Generally, hotel rooms are not large enough to convert directly into apartments, so rooms have to be combined. At the same time, Park Service officials are particular about how much demolition is allowed.

The small Kansas buildings also did not allow for economies of scale. A third big challenge was the highly complex ­financing structure, including the stacking of tax credits and the use of a master lease structure involving the federal historic credit.

A master lease, also known as a pass-through, is used by developers of multifamily projects to maximize tax credit equity and distribute benefits among various investors. Typically, these leases permit a combination of investments by one or more investors under one or more tax credit programs.

Cohen-Esrey was able to make the deals work because it is vertically integrated, meaning it has its own construction company, tax credit syndication unit, and property management business.

Just as the challenges are large, so are the benefits. The work preserves classic structures with rich histories, and the financial structure eliminated the need for permanent debt, which allowed for lower rents to help residents.

“We were able to bring brand-new affordable apartments to a small rural market that hasn’t had any new multifamily housing for many years,” Harris says.

Community revitalization

In many cases, developers are turning around some of the biggest nuisance properties in their communities.

Mercy Housing California recently converted an infamous, 101-room motel into 37 studio and 37 one-bedroom permanent supportive housing apartments for disabled, formerly homeless individuals in Sacramento.

Built in the early 1960s, the former Budget Inn and its surrounding neighborhood fell on hard times when a new highway diverted traffic and the state fair relocated to another part of the city. In recent years, the motel had among the highest calls for police and fire service in all of Sacramento, says Stephan Daues, Mercy Housing’s regional director for housing development.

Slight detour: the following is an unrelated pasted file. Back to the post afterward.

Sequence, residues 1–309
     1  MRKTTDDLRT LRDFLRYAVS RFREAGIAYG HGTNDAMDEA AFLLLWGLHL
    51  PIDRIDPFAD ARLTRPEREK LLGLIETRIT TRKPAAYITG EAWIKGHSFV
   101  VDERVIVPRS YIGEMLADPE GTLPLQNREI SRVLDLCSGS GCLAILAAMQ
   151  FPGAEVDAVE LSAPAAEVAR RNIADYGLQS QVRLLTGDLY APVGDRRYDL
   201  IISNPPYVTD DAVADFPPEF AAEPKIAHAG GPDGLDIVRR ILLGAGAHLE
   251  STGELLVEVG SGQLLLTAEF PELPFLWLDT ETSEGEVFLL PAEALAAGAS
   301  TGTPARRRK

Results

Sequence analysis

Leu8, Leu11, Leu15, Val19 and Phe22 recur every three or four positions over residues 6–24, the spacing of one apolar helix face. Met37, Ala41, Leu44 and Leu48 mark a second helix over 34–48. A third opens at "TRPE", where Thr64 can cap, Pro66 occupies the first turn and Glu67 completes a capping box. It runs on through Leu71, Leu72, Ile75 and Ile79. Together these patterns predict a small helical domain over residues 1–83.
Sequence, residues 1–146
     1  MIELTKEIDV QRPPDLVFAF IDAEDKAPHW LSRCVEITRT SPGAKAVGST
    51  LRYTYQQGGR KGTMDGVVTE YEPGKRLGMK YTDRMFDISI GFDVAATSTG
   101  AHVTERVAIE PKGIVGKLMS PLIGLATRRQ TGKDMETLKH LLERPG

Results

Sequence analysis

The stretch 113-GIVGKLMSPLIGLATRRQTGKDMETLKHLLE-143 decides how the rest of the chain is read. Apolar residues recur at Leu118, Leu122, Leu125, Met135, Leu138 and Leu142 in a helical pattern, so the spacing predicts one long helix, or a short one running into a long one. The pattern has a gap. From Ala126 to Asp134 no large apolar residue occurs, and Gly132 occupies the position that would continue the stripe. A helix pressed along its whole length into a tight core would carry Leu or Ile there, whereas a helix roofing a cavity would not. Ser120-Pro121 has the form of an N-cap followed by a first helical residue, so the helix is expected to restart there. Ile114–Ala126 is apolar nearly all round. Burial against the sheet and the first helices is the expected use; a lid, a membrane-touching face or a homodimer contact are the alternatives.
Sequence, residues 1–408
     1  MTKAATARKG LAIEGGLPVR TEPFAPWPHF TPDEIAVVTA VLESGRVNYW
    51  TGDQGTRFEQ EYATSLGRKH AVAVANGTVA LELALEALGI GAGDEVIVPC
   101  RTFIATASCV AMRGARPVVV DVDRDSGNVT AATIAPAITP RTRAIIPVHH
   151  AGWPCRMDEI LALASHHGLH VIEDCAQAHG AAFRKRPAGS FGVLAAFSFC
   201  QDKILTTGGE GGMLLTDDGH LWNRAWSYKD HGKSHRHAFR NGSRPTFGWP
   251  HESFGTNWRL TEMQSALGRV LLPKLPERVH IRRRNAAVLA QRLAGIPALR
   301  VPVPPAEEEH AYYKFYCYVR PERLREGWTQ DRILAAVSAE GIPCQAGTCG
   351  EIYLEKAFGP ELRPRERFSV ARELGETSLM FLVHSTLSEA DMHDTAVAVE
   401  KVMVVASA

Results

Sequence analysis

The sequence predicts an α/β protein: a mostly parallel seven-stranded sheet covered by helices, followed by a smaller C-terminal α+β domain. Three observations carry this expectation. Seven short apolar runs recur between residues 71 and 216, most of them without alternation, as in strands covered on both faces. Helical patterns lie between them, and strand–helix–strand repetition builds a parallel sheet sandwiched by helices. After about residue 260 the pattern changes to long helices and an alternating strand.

Working with the Sacramento Housing and Redevelopment Agency (SHRA), which had instituted a “motel reuse strategy” to address the neighborhood’s troubled properties, Mercy Housing acquired the Budget Inn site several years ago with plans to create a deeply affordable, service-rich housing development.

Rather than demolishing the two-story motor inn, the team decided to keep the building footprint and much of the framing in place while doing an extensive rehabilitation. “The existing building offered good bones to a project,” Daues says.

The team converted about a dozen motel rooms into office and community space. It also built a separate building to provide service space at the new Boulevard Court.

The developers considered breaking up the building but decided against the move because the shape of the motel allowed for the most secure site with a single entrance point.

Having one connected building, with everyone’s front door visible, was also a way to promote community. “In a supportive housing development, you want to find balance between privacy and peer pressure that residents create among themselves to keep everyone on track toward recovery,” Daues says.

The general compatibility of motel and apartment designs and the availability of these aging structures are among the reasons they are being transformed into housing.

Still, the challenges, including zoning changes, extensive rehabilitation, and ­financing, can be enormous.

Mercy Housing amassed the $23 million needed for Boulevard Court, including about $2.9 million worth of capitalized operating reserves, during the height of the economic downturn when investor demand for housing tax credits was sinking.